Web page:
If you want to be a sheriff, you’re following an American tradition involving daring individuals. Famous former sheriffs include Wild Bill Hickok and Theodore Roosevelt.
While the role of the sheriff has shifted away from chasing out the bandit gang and preventing open gunfights between cattlemen and sheepmen, sheriffs continue to help maintain law and keep peace in counties across the United States.
Typical Responsibilities of a Sheriff
Specifically, the job duties of sheriffs might include:
- County Jail Warden
- Chief County Court Security Officer
- Chief Agent for serving warrants
- Reviewer of investigations involving narcotics, traffic, and auto theft
- Supervisor of funds needed for undercover operations
Generally, U.S. sheriffs are the highest law enforcement officers in their counties. Job duties of sheriffs vary considerably in rural and urban settings. In rural settings, the sheriff is often the primary police source. Unlike with other jobs in law enforcement, sheriffs are usually elected officials. Therefore, as a sheriff, you should have the job duties similar to other public figures, including attending public hearings and making speeches.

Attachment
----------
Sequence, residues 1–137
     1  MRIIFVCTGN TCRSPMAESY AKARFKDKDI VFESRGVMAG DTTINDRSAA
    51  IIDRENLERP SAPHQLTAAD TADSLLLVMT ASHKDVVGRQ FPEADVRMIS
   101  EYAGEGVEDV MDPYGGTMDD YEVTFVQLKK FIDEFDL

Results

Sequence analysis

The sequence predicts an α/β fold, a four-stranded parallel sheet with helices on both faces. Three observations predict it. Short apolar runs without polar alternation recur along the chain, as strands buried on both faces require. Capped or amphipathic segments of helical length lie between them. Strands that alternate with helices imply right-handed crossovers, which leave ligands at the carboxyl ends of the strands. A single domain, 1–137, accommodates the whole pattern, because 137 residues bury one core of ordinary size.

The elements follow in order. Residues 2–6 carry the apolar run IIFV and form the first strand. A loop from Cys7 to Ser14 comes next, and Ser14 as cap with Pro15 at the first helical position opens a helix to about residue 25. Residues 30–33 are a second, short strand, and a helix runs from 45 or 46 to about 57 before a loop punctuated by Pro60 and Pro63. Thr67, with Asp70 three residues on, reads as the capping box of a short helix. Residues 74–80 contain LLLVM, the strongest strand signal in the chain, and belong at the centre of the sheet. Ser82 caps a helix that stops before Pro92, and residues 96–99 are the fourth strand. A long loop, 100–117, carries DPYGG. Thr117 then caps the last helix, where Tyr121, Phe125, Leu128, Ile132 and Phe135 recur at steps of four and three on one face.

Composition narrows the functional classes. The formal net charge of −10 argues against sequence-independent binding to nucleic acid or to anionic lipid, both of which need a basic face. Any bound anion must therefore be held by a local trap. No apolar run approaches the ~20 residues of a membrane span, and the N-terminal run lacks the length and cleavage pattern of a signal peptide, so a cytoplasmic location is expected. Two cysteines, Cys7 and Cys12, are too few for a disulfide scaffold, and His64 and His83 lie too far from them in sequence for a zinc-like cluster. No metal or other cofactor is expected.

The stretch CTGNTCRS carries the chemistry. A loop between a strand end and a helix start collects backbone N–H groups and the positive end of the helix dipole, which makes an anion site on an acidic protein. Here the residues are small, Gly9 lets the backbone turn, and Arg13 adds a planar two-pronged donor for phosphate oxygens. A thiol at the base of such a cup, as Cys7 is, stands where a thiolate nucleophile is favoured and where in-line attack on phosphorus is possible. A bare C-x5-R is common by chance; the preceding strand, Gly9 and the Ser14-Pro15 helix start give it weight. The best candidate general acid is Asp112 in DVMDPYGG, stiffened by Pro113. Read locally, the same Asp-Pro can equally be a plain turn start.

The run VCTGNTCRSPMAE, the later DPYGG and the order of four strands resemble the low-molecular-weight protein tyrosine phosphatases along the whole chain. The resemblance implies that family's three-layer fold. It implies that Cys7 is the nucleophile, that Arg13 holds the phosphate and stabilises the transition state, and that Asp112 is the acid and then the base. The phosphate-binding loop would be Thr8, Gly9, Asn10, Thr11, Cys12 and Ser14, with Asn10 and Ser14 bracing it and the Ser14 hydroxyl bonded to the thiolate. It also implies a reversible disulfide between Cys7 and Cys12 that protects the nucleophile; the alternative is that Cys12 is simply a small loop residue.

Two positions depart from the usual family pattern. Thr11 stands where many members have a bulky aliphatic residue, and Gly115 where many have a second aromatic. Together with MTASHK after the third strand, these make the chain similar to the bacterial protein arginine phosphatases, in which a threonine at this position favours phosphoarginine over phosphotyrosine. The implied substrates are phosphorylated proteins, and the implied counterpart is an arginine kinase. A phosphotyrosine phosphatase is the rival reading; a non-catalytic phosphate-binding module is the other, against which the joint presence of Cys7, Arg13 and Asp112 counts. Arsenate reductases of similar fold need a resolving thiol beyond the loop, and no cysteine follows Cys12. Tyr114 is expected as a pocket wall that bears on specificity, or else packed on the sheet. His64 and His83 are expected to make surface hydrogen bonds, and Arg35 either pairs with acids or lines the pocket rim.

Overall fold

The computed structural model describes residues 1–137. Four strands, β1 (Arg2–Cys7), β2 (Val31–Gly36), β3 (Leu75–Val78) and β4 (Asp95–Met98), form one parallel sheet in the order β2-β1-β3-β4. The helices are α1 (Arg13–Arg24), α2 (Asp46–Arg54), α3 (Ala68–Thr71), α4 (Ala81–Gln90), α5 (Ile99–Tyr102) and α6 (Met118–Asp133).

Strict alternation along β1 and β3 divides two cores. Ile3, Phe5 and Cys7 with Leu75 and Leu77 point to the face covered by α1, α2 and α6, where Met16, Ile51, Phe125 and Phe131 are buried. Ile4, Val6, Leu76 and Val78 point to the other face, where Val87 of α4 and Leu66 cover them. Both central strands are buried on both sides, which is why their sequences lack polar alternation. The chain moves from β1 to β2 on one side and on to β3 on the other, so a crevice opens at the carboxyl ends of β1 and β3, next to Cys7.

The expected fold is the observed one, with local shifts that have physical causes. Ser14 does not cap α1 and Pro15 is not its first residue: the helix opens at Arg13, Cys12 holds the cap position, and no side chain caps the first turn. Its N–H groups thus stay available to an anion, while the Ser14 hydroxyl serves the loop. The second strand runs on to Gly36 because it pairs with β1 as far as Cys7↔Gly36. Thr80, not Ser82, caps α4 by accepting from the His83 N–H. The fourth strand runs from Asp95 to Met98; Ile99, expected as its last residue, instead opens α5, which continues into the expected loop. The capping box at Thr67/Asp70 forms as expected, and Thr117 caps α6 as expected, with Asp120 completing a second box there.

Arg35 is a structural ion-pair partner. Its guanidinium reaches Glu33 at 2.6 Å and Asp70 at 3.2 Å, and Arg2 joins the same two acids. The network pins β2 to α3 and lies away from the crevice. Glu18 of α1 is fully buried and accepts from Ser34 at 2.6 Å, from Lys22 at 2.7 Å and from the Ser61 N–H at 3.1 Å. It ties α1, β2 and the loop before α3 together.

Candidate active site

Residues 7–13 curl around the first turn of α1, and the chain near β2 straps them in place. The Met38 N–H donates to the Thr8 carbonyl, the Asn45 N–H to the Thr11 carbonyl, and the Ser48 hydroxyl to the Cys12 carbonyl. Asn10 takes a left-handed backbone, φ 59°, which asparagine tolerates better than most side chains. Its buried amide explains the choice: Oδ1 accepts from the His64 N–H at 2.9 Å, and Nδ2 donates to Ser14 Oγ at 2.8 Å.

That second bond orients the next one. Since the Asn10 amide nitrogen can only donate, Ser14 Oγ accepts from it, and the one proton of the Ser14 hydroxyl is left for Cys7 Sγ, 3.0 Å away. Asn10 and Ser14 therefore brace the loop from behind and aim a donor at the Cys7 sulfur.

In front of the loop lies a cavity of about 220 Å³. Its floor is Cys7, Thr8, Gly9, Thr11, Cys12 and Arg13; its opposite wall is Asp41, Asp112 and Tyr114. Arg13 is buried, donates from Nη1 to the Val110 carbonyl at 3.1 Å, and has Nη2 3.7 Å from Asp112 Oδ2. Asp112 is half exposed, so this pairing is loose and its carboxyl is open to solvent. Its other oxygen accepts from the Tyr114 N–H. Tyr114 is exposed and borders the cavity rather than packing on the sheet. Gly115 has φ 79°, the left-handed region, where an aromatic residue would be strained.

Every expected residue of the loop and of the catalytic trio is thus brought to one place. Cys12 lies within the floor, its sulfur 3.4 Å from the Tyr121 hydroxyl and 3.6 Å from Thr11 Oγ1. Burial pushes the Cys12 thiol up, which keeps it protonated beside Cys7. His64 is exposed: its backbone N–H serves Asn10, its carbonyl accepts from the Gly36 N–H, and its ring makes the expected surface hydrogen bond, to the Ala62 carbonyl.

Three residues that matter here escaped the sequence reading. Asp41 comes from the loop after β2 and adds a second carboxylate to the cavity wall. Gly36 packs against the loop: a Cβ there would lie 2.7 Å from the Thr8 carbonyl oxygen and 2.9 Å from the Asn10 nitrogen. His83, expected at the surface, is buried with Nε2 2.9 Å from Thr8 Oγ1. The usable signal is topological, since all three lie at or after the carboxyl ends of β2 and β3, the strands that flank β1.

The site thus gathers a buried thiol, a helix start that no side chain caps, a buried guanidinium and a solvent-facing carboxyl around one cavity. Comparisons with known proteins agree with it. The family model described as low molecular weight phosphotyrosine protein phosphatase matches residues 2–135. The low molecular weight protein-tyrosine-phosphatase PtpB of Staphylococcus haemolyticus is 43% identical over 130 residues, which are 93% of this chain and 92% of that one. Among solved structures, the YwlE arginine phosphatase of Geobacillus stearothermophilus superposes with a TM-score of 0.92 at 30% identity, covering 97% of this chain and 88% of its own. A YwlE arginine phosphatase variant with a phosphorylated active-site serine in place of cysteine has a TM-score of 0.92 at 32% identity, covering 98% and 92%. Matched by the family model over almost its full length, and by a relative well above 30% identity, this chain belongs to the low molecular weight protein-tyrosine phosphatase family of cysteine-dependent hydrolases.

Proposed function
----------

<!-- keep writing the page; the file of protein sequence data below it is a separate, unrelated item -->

What Education is Needed to Become a Sheriff?
If you want to become a sheriff, you’ll need to become a trained law enforcement officer, as can be gained through law enforcement educational programs. Degree programs in criminal justice, police science, or law enforcement can prepare you for sheriff life. Courses that can help prepare you to become a sheriff include:
- Public & private safety
- Firearms safety
- Local and federal laws
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